Introduction: Sensory processing patterns have been proposed as a stable dimension able to characterize individuals with major affective disorders, but to what extent specific impairments in sensory processing may be involved in the pathophysiology of these conditions is poorly understood. We aimed to explore which sensory profiles may better respond to psychoactive medications, with particular regard to antidepressants, according to depression, alexithymia, and hopelessness levels.
Methods: A total of 402 outpatients who received maintenance treatment and were in stable psychopathological conditions were recruited and completed the Adolescent/Adult Sensory Profile (AASP), Toronto Alexithymia Scale (TAS-20), second version of the Beck Depression Inventory (BDI-II), and Beck Hopelessness Scale (BHS) according to a longitudinal prospective study design including three time points of measurements.
Results: Subjects with abnormally reduced sensory seeking, hypersensitivity, enhanced sensory avoidance, and lower ability to register information better responded to antidepressant medications according to their reduced depression levels. Similarly, participants with lower registration better responded to antidepressants as reported by lower hopelessness levels. Regression analyses revealed that the use of antidepressants was the first variable able to predict depression, hopelessness, and alexithymia levels at baseline, and after three and six months of treatment, respectively, but the pattern of sensory sensitivity contribute to the prediction of depression and hopelessness. This pattern together with low registration predicted changes in alexithymia levels.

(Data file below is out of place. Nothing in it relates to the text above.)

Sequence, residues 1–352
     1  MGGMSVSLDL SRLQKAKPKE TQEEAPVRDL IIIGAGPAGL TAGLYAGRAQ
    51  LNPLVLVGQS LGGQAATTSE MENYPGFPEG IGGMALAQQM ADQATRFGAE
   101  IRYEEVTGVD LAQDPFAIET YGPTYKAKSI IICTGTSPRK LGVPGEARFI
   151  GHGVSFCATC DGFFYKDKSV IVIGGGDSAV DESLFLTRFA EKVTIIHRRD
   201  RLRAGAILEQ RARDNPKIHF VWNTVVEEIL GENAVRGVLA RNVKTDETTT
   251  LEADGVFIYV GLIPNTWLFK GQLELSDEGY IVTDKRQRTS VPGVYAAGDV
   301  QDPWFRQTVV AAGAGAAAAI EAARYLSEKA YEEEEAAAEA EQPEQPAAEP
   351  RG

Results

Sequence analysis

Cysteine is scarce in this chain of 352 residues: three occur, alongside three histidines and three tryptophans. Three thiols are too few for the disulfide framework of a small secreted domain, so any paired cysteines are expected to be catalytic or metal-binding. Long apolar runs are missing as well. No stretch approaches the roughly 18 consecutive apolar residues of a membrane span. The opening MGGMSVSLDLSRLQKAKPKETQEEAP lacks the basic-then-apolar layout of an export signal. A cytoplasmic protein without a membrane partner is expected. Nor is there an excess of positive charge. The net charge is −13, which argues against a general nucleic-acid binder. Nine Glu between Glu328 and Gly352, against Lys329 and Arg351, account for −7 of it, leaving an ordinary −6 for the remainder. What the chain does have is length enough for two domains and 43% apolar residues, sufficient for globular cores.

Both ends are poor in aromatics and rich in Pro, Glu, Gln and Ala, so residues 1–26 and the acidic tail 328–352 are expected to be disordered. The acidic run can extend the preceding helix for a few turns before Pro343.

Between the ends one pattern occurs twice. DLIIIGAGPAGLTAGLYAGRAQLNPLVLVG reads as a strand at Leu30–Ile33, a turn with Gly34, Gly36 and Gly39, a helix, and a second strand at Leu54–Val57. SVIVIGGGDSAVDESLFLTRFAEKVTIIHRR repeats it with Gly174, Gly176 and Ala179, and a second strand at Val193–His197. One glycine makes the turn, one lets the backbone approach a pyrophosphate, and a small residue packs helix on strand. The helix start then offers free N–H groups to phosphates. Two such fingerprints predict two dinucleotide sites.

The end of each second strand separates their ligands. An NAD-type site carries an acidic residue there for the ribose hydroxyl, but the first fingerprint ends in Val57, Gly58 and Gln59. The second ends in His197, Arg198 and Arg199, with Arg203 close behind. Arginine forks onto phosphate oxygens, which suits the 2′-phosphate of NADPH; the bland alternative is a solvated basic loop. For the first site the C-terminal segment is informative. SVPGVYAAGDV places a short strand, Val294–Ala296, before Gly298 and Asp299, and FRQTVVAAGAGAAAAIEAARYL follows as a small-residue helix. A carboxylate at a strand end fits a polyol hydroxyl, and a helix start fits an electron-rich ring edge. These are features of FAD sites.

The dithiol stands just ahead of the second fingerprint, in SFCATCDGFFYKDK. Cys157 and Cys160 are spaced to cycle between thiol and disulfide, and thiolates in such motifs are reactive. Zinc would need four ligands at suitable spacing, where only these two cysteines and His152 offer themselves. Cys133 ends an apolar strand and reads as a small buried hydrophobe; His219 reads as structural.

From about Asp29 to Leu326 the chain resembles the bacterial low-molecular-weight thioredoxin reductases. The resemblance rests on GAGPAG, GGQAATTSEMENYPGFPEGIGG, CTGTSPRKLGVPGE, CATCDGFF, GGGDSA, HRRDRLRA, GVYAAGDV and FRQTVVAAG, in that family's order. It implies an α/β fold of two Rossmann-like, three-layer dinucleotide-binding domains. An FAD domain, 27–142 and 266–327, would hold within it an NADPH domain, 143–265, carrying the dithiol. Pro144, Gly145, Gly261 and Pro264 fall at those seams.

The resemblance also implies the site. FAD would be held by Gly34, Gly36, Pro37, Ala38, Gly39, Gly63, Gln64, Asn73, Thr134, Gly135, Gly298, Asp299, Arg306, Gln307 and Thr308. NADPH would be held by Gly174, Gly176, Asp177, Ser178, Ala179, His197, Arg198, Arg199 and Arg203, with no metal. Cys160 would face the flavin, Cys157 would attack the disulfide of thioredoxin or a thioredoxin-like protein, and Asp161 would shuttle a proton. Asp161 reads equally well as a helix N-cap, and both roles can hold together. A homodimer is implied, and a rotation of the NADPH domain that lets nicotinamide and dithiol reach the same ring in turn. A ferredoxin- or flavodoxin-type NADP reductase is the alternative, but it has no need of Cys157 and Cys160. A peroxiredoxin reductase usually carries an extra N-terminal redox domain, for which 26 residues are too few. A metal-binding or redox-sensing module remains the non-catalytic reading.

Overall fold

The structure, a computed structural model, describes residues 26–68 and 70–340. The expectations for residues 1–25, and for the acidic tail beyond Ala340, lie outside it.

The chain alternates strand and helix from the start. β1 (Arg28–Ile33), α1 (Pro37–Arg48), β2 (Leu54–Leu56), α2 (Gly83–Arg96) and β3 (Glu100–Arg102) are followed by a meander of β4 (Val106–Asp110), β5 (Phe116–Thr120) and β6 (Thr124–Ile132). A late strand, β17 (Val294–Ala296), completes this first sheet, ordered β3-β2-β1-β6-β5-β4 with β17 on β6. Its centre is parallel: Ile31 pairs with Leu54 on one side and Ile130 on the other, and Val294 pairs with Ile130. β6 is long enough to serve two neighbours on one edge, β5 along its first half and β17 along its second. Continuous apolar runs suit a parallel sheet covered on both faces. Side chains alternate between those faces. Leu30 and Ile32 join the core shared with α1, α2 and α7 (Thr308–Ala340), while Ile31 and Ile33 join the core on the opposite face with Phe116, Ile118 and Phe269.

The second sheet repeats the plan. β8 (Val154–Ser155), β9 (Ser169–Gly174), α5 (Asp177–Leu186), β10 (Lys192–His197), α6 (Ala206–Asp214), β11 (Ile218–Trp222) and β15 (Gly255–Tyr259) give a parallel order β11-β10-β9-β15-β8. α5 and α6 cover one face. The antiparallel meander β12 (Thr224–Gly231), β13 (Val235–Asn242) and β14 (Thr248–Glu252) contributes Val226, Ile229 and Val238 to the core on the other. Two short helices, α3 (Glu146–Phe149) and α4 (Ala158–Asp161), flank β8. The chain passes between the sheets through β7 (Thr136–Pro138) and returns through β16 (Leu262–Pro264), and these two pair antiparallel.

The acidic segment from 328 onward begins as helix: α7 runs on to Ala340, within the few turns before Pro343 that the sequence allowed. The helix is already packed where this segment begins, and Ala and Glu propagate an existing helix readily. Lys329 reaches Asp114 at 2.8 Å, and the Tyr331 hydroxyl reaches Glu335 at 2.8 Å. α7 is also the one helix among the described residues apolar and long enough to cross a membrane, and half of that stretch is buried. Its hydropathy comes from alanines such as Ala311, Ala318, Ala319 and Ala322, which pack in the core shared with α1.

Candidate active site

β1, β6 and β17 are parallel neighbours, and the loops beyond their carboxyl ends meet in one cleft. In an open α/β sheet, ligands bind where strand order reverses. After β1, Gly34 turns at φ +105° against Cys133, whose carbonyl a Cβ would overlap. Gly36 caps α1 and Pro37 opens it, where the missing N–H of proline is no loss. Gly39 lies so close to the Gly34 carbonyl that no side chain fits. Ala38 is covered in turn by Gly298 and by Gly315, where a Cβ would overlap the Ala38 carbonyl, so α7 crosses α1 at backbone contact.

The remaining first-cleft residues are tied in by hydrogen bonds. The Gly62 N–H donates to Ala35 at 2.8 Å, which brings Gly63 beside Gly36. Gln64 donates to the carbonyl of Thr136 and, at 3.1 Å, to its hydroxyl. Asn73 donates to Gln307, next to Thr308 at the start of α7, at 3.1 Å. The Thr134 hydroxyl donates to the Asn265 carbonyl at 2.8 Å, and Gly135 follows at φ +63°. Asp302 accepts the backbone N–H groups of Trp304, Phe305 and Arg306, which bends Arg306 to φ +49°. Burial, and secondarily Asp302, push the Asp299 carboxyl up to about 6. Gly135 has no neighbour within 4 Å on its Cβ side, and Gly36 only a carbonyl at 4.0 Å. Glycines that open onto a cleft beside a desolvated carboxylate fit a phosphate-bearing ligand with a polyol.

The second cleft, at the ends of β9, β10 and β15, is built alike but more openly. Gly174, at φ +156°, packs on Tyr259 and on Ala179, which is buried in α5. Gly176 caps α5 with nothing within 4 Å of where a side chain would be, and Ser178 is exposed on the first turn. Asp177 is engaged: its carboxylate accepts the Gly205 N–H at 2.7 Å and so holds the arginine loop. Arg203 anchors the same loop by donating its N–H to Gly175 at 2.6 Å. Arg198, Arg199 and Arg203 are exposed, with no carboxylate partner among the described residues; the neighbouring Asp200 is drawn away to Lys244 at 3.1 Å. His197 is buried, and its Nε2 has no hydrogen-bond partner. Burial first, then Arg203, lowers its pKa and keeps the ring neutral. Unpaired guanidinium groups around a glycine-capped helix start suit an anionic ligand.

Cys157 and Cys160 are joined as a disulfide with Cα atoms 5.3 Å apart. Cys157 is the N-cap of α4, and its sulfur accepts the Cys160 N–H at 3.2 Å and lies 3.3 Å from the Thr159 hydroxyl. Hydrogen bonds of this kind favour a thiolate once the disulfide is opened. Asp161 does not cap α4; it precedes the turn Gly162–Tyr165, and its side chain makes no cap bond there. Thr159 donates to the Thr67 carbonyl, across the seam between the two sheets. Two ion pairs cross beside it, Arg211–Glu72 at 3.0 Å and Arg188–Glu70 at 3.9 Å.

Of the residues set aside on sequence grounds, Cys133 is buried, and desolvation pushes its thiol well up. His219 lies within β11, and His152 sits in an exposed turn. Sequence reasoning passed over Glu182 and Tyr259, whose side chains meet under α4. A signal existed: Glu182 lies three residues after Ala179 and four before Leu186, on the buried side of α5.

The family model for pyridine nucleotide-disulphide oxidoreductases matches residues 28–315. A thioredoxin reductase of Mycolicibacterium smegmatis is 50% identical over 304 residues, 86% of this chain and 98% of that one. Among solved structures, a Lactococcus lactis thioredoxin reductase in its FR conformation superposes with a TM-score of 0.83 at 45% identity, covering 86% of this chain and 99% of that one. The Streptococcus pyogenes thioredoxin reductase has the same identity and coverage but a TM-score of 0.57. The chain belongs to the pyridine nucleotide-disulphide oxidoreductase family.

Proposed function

Limitations: The study was limited by the modest sample size at the follow-up assessment points.
Discussion: Exploring sensory processing patterns may provide intriguing insights into specific illness characteristics and treatment response.
Keywords: Alexithymia; Antidepressant response; Depression; Hopelessness; Sensory processing patterns.
Copyright © 2018. Published by Elsevier B.V.